Military expert doesn’t see ‘good options’ left in Iraq

By Ryan Lasley

When former defense official Lawrence Korb shared his pessimistic view of the U.S. military’s Iraq strategy in a speech Friday, UK faculty and others resoundingly echoed his dissatisfaction with the war.

In deciding current Iraq strategies, the United States needs to address the question, “What is the least bad option that will do the least amount of damage?” said Korb, who served as assistant secretary of defense for manpower, reserve affairs, installations and logistics from 1981 to 1985.

He is currently a senior fellow at the Center for American Progress, a liberal think tank, and a senior adviser at the Center for Defense Information.

At this point, there are “no good options” to improve military strategy and do minimal damage, Korb said. Attendees at the “Options in Iraq” talk, hosted by UK’s Patterson School of Diplomacy and International Commerce, voiced their own critiques.

“We cannot afford to be there in the size we’re there today,” Cpt. Mike Rush said.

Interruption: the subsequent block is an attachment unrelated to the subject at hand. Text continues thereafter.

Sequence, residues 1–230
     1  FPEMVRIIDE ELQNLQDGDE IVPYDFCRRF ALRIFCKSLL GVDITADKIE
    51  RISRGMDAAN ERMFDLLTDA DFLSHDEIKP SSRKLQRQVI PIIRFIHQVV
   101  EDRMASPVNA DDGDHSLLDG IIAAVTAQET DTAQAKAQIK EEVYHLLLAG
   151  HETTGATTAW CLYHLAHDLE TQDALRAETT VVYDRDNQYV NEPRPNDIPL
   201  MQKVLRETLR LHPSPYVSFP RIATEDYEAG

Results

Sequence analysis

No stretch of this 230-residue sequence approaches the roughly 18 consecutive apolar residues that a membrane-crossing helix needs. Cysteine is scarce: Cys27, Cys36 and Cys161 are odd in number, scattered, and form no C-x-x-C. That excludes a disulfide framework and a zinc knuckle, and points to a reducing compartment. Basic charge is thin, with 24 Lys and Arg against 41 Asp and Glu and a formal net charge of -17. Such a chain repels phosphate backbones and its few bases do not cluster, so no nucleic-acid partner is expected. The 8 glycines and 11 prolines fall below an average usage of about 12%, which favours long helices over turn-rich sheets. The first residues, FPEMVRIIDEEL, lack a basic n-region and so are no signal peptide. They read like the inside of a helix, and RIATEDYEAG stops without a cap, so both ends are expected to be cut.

Rush, who teaches at UK’s Army ROTC, served two 11-month tours in Iraq as an army aviator. He said he did not expect the war to be long-lasting, but cautioned that a total withdrawal would not eliminate the insurgent threats.

“The real tragedy is for the Iraqi people,” Rush said. “They’d like to see that their sons and daughters are safe.”

A more effective strategy for troop removal, Rush said, would be a gradual one to reduce numbers within U.S. ranks while maintaining enough to compete against the insurgents. Strategy for the United States, he said, should include setting a deadline for withdrawal over a year’s time and organizing a meeting of countries in the Middle East to discuss diplomacy.

“If you (the U.S. troops) don’t leave Iraq, you won’t win the war on terror,” Korb said.

Iraqis are not upset with American culture, Korb said, but rather with the unclear motivations for the invasion. Gaining control over oil, finding weapons of mass destruction, implementing democracy and ousting Saddam Hussein have all been listed as reasons by U.S. officials or the press, but Korb said Iraqis haven’t definitively accepted any of those.

“It’s our policies they don’t like,” Korb said.

Rush described the Iraqi people as a group accustomed to the oppressive Hussein-led regime rather than a democratically run government.

“This is a culture that works hard but doesn’t see government as a priority,” Rush said.

Rush’s tours overseas landed him in the Al Anbar and Tal Afar provinces, which both provided him insight as to how violent relations can be between U.S. forces and Middle Eastern groups, including Sunni and Shiite Muslims.

“When it’s not attacking U.S. troops, it’s fighting amongst each other,” Rush said.